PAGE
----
In the sceptical community we have the tendency to assume that our readers are like us but just uninformed and that all they need is the right information. That may be certainly true for some readers but it is not true for many others. I see this all the time with blogs attempting to encourage parents to vaccinate their children, debunk chiropractic, homeopathy, global warming– the list goes on and on and we end up talking to ourselves and not to the people who really need it.
It is only recently that attention is now being paid to the science of persuasion in our community. One of the earliest writing on this topic I have seen is The Debunking Handbook which I still recommend on almost a daily basis. John Cook and Stephan Lewandowsky both from Australia do a great job of summing up the pitfalls of what to do and not to do in any debunking project.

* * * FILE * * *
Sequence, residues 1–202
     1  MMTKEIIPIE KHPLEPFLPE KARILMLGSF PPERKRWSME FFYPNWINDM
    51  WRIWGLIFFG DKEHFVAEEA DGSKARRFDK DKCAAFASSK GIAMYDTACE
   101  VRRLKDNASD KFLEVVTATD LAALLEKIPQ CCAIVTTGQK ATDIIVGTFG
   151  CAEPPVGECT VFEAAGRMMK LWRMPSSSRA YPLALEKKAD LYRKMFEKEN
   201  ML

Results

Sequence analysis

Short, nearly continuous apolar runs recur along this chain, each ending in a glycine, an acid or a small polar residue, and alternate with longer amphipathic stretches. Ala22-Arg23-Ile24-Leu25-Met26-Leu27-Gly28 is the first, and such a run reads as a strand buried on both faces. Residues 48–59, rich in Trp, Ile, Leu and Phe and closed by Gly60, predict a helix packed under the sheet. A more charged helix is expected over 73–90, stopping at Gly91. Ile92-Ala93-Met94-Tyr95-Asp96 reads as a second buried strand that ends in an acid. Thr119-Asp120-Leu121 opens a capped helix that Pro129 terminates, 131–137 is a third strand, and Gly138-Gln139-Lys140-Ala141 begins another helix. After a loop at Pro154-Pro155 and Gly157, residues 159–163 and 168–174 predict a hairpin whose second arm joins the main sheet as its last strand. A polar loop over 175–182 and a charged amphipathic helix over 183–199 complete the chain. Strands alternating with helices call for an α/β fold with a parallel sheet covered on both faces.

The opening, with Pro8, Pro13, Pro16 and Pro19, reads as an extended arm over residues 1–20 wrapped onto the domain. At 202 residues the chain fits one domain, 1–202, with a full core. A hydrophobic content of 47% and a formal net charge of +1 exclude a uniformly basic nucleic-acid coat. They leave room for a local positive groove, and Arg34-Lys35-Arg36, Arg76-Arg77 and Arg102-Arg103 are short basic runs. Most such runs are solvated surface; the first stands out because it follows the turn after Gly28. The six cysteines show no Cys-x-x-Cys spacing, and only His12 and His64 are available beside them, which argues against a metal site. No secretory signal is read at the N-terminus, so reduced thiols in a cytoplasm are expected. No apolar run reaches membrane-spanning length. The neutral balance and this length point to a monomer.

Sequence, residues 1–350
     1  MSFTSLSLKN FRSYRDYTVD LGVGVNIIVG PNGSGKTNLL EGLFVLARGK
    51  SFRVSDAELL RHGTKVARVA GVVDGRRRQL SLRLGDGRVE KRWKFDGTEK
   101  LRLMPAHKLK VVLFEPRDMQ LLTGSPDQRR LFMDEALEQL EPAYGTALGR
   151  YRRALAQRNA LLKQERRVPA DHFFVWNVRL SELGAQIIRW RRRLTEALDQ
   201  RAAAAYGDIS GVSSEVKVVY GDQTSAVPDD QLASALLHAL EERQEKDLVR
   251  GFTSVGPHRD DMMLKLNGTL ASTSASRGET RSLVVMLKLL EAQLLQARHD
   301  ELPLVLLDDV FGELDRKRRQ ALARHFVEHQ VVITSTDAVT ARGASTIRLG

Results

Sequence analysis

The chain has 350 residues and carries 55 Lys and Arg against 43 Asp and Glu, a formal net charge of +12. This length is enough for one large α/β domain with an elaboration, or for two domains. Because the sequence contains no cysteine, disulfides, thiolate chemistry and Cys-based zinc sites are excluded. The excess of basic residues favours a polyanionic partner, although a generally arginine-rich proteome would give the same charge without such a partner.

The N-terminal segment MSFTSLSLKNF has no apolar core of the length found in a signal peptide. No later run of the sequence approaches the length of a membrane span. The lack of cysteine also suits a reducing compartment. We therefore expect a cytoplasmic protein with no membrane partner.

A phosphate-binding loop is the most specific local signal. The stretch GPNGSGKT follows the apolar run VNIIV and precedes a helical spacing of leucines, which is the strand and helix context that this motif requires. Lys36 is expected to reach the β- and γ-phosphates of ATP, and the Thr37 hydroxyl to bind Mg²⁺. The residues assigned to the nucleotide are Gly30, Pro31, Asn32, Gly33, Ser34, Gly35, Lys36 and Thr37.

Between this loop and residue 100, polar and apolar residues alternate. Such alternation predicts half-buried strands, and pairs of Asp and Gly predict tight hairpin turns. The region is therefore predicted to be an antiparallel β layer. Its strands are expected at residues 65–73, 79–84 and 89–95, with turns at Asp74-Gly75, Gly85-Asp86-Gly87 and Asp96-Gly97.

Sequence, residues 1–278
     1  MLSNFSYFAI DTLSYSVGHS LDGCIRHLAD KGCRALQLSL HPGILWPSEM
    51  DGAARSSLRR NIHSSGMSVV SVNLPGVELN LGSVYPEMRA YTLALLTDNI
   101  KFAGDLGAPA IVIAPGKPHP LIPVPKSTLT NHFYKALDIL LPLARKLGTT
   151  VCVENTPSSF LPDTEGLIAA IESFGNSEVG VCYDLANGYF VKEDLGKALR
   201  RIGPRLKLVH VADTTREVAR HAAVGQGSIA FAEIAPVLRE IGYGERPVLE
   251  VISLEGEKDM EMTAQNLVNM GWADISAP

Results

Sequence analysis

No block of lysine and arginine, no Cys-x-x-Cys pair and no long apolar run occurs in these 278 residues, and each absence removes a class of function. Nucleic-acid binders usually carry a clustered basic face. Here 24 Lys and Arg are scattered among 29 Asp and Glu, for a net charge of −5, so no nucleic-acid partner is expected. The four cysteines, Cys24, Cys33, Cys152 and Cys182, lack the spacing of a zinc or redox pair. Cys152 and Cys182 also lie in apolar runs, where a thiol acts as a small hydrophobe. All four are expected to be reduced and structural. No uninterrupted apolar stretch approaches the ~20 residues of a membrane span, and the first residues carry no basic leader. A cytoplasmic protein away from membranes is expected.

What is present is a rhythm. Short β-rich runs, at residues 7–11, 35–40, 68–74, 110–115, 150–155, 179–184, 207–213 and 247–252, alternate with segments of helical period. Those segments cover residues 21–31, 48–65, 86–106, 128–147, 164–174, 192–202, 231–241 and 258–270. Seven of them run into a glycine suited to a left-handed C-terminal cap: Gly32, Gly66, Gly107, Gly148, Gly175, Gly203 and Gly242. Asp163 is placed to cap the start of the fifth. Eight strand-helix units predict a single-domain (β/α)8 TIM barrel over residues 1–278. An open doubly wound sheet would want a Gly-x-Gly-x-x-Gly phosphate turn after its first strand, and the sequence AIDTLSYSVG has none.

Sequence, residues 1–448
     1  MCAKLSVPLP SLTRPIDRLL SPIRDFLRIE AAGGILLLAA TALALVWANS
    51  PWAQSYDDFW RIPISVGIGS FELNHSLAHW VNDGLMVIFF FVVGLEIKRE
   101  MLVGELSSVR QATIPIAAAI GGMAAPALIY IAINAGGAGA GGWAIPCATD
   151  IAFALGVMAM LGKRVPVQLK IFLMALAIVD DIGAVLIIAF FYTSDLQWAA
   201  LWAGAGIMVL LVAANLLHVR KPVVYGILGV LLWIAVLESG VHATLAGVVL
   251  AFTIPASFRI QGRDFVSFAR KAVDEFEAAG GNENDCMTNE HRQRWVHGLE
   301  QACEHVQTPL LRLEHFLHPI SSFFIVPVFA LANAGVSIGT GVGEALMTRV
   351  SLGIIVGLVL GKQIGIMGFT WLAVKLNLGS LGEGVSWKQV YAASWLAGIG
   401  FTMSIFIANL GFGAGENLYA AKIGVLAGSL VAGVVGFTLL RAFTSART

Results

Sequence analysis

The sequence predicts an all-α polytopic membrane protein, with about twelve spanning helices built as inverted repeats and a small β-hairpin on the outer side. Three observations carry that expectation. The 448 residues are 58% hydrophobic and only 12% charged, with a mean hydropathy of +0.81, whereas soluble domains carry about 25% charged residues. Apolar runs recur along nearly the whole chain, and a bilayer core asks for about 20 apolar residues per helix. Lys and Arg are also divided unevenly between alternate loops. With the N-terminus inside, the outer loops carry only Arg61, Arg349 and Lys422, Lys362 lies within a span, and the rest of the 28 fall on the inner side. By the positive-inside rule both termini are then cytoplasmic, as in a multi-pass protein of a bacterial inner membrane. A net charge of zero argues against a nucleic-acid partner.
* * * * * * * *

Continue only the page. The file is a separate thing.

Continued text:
It is also in our presentations to the public where we fall down. A brochure that is chock full of Science is something we would find fascinating but it results in the wall of text syndrome and will be thrown away without reading. Handouts should have lots of colour photos, colourful graphics, larger fonts and lots of white space. The text itself should be wary of the backfire effects mentioned in “The Debunking Handbook” and be enjoyable to read.
I know that there are some that will continue to believe in the strangest conspiracy theories despite our best efforts but there is no point making our task any harder than it has to be.